Established in 2020 by Chancerygate founder Andrew Johnson and his wife Vanzel Johnson, the Chancerygate Foundation’s purpose is to address the lack of diversity within the property sector.
Through its work, the Foundation provides financial and personal support to British African and Caribbean young people to ensure they can first access a career in property and then thrive within it.
As the first initiative of its kind focused on British African and Caribbean people, the Foundation and the individuals it supports are trailblazers who want to ensure lasting, positive change in the property sector.
In this article, we explore why, and how, the Chancerygate Foundation is doing the work that it does.
Creating a diverse and inclusive property sector
Today, many sectors are increasingly prioritising diversity and inclusion in their environmental, social and governance (ESG) commitments.
Traditionally, access to a career in property depended heavily on factors such as schools attended, socio-economic background and existing networks within the sector.
These same factors also contribute to preventing people from minority backgrounds reaching senior management positions.
Without action, there is a risk of no real, or sustainable, progress being made to ensure long-term diversity and inclusion within the property sector.
It is this situation which the work of the Chancerygate Foundation intends to help remedy and, in doing so, drive meaningful and lasting change.
Commercial and societal benefit
It is clear that implementing robust diversity and inclusion strategies create significant commercial benefits.
They enable organisations to utilise the skills of a broader range of talents with different lived experiences and viewpoints. This, in turn, creates a more dynamic workplace culture where people’s individuality, and the skills and insight they have, is key to delivering positive commercial outcomes.
We see direct evidence of this at the Foundation. For example, one student we support would like a career in property to improve the lived experiences of those who come from a similar background and are often subject to poor housing conditions.
An effective diversity and inclusion strategy can also be a commercial differentiator against competitors, with socially responsible clients wanting to collaborate with organisations that share their values.
The Foundation works with British African and Caribbean students studying RICS-accredited courses to help them get a strong start to their career and prepare them for success.
This sees us directly involved with students as they plot their career choices. In addition, we help them gain work experience in the property sector, particularly those who have had no prior opportunity to do so.
The Foundation recognises that, for many of these students, going on to study for a degree will be a daunting prospect as they will often be the first in their families to go to university.
This can mean they do not necessarily have access to the support their student peers benefit from, including financial assistance.
One of the fundamental elements of the Foundation’s activity is our bursary programme which provides up to £10,000 per annum, per student towards their living costs.
This level of financial support can give them the confidence and security to commit to further studies without being required to take on any outside jobs to pay their way through university and potentially put their studies at risk.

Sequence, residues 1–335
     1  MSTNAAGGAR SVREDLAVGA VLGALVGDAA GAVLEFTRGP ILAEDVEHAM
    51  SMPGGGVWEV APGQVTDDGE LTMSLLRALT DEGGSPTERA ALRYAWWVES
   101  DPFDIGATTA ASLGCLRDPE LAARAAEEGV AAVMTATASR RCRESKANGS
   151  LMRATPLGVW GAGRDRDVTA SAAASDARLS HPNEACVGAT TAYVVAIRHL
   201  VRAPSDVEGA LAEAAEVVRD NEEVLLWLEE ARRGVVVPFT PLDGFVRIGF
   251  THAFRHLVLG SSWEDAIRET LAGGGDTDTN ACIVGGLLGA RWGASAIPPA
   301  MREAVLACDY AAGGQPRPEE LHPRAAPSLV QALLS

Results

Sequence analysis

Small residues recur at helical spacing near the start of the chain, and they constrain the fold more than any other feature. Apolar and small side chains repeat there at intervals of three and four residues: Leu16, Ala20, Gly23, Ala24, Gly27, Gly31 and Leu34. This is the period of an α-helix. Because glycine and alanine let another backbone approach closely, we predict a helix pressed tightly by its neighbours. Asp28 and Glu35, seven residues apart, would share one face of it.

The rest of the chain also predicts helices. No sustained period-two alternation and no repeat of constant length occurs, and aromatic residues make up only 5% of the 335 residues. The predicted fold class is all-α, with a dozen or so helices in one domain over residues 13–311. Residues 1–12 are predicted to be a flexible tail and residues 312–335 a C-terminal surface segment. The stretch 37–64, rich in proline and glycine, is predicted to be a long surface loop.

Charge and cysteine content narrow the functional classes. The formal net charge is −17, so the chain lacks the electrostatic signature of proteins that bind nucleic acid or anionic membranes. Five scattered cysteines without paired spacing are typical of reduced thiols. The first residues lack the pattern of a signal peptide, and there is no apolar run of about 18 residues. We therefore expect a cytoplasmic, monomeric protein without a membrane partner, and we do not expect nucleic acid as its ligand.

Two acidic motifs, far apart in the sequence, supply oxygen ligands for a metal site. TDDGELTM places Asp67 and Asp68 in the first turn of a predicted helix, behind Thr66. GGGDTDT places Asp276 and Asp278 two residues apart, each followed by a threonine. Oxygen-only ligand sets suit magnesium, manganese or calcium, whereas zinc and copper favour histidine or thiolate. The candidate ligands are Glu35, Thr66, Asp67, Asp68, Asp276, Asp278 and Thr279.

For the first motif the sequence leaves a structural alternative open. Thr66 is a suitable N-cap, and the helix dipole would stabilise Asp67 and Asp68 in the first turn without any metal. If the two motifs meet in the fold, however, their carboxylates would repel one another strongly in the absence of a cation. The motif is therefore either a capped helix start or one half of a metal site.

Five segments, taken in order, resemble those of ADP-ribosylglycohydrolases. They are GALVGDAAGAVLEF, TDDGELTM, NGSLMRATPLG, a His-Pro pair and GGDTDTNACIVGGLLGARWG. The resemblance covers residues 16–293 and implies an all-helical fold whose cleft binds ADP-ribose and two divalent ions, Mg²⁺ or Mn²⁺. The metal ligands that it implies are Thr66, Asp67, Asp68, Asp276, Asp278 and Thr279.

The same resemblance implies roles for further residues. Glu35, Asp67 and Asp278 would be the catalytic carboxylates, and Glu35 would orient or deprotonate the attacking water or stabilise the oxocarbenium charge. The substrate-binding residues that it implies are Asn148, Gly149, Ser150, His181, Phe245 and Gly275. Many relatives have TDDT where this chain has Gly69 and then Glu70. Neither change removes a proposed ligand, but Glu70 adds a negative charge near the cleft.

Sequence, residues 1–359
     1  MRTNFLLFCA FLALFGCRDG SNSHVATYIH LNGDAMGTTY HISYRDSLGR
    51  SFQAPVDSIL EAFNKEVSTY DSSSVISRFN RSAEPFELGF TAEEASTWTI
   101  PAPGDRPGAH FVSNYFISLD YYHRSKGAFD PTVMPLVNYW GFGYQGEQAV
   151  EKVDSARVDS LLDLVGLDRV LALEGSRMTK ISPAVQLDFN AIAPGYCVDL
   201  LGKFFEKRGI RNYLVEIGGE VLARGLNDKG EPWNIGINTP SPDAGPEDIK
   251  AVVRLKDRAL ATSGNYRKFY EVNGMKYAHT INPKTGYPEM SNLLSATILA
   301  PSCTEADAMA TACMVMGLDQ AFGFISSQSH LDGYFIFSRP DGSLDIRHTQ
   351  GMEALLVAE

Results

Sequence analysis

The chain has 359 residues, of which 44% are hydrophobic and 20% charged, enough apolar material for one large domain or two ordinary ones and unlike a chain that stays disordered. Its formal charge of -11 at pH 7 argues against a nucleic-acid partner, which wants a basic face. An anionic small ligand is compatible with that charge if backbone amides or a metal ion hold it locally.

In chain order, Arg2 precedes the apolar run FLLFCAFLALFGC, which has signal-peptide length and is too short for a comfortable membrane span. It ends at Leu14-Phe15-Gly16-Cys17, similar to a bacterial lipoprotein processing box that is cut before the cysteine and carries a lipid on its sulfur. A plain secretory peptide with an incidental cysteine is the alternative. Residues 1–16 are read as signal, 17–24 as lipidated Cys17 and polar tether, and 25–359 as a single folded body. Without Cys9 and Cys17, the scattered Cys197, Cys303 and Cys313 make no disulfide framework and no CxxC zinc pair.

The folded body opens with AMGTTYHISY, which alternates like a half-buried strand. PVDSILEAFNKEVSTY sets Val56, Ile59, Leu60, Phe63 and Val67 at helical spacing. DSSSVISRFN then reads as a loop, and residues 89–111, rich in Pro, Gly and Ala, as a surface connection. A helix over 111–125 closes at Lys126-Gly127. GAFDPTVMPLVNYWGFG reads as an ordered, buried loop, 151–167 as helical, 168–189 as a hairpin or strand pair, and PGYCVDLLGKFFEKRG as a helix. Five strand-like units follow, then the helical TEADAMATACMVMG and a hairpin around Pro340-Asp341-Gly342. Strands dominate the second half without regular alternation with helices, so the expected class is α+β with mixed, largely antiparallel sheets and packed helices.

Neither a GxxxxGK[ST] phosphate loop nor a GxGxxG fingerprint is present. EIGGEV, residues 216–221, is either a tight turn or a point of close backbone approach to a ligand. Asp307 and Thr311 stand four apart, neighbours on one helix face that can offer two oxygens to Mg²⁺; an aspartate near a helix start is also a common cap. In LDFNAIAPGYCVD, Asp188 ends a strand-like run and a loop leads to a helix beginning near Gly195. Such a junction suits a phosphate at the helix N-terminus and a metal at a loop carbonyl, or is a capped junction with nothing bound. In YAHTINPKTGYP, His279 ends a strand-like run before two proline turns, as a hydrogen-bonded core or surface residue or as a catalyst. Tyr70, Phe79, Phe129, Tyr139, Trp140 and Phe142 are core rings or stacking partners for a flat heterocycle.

Sharing insights and experience
In addition to financial support, the Foundation also works to ensure students have access to guidance.
This is delivered by our mentoring programme which provides a combination of academic, personal and professional support for the students.
Each student is paired up with a member of the Chancerygate team and our affiliates who act as a mentor. Drawing on their experience and insights, each mentor provides students with advice through their studies and when they are considering their career plans.
The Foundation director acts as a hub for all connected parties, students, mentors and academic institutions, ensuring that when challenges or opportunities arise, advice is available.
Lessons not learnt at school
Complementing the opportunities created by the Foundation are our efforts to ensure students develop the “soft skills” required to have a successful career in property while maintaining their identity.
Students from underrepresented backgrounds might not have had exposure to these skills compared to those who traditionally dominate the sector as they are skills which cannot be taught in a classroom.
They comprise understanding the world of business and property, observing professional standards and developing the interpersonal skills and confidence needed for networking and negotiating.
By focusing on this, it helps us develop well-rounded students with soft skills equal to those of their peers when they start their careers.
Trailblazers don’t stop
Many of Chancerygate’s peers have recognised the Foundation’s importance and have praised its work to curate success in those it supports.
We are proud that the Foundation and the students it supports are regarded as trailblazers. However, we know the Foundation must continue to build upon the momentum we have achieved and be focused on delivering more diversity within the UK property sector.
The Chancerygate Foundation works with a range of industry partners including universities, schools and businesses in property and real estate. To find out more or discuss any opportunities, call Amanda Walker on M: 07703344043 or E: firstname.lastname@example.org